My Toy Maltese, Miss Chantilly Lace—“Tillie” to a few of her closest friends—is a devoted old soul. Next month she will turn 70 in dog years. By the hesitancy in her eyes when I call her to jump onto my bed, or to dance a whirling jig on her hind legs for a chewy bacon treat like she used to, it’s evident that Father Time and aging are not being kind to her. Her little knees ache at times, making her an excellent weather forecaster for those rainy days. While she’s a bit slower to get going in the mornings, she still has spunk, making the rounds of her vast kingdom—my back yard—lecturing the squirrels, chasing any unidentified birds out of her territory and keeping it safe for her family. Knowing Tillie is on the alert is a comfort and a blessing.
She loves me, has been deeply devoted to me since I purchased her as a puppy from a kindly retired veterinarian in Ardmore back in 2002. Yet there’s a definite fickle streak in that tiny six pound body. She will attach herself with wildly enthusiastic abandon to any visitor who comes through our front door. Her captivating black marble eyes instantly charm, yet when sensing a new situation and not completely sure of her reception, she escalates her nervous habit (we all have them, don’t we?). In fact, the welcome mat at the entrance to my home says, “Beware: Dog cannot hold its Licker!”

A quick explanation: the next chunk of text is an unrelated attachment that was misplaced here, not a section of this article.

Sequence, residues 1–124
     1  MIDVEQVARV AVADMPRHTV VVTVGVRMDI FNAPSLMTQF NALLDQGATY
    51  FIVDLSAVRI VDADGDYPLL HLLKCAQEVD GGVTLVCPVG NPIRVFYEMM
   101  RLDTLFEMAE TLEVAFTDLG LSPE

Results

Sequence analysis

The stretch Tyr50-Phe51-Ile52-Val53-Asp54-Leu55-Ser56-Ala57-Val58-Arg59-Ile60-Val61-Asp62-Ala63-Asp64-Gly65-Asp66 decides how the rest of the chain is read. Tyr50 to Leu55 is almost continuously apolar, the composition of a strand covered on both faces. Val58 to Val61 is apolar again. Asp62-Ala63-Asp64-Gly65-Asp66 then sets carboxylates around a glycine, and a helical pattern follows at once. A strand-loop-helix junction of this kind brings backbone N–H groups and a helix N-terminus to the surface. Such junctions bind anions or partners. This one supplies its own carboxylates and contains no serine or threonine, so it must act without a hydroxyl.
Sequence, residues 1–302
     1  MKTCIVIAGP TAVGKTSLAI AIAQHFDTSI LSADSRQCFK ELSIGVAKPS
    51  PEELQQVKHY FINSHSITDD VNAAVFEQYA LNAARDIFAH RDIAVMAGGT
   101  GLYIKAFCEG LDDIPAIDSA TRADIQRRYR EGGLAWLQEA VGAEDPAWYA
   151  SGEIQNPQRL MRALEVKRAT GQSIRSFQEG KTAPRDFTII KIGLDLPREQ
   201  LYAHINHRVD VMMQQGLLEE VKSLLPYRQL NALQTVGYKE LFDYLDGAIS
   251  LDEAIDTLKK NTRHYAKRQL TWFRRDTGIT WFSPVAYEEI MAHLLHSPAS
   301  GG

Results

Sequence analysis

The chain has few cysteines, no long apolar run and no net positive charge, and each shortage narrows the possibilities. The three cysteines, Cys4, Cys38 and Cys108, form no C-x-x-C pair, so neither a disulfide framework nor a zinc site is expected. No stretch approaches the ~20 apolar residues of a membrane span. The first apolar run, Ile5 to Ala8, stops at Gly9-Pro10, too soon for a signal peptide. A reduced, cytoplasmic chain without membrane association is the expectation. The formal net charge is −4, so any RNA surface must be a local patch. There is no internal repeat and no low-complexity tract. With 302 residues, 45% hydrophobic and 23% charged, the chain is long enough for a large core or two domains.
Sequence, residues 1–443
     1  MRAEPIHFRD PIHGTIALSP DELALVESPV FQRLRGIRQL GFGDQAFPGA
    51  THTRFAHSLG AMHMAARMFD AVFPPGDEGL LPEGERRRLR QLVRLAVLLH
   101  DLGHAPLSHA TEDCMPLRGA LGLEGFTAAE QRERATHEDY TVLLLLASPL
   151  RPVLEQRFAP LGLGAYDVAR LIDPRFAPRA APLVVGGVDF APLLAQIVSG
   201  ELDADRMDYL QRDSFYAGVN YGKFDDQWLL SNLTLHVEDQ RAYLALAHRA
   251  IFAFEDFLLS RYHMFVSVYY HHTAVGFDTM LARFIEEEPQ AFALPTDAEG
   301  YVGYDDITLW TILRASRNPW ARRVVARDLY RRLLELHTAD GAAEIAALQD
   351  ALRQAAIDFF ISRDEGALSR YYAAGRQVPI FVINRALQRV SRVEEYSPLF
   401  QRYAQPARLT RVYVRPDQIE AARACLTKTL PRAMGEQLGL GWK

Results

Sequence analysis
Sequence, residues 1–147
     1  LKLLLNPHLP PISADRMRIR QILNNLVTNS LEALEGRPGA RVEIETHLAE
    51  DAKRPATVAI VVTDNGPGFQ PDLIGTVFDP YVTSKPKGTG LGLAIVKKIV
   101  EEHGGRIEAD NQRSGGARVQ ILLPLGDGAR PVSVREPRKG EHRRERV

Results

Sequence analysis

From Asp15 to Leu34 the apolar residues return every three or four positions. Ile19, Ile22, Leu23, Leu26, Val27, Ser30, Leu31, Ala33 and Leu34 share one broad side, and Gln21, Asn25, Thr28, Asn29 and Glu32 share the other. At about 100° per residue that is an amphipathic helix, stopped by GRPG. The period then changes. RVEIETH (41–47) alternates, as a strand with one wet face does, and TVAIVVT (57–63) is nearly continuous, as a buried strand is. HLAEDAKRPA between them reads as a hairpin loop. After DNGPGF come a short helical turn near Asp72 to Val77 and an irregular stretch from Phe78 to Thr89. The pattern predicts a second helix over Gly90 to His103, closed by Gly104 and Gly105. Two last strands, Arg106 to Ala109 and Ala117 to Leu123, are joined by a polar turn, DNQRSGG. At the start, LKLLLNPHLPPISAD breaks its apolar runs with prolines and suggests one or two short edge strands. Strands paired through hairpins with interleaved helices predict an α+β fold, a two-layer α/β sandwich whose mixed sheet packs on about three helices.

There are those times when her lack of licker control can be a nuisance. Yet she will always calm down, especially if you’re willing to perform an undercover operation. Just cover your lap with one of our small fleece throws; then she immediately scoots under, settles in beside you, goes completely silent—and off to sleep. Licker silenced.
But if you want to really see the blazing fast communications technology at our house, come around to the side gate. Thomas Edison invented the telephone and the telegraph. My Maltese created Tilliepathy.
I mean, just look! The grass-worn path from our gate to the back door is getting deeper and deeper with use. The instant Tillie sees her Daddy step out of his diesel F-250, she abandons her lookout post at the gate, makes a beeline for her doggy door, and meets him as his key turns in the lock. Our Tilliepathy is pretty dependable; very appreciated; and a memory that I cherish, whether it kills the grass, tunnels through snow, or fills with seasonal rains…that’s love in action!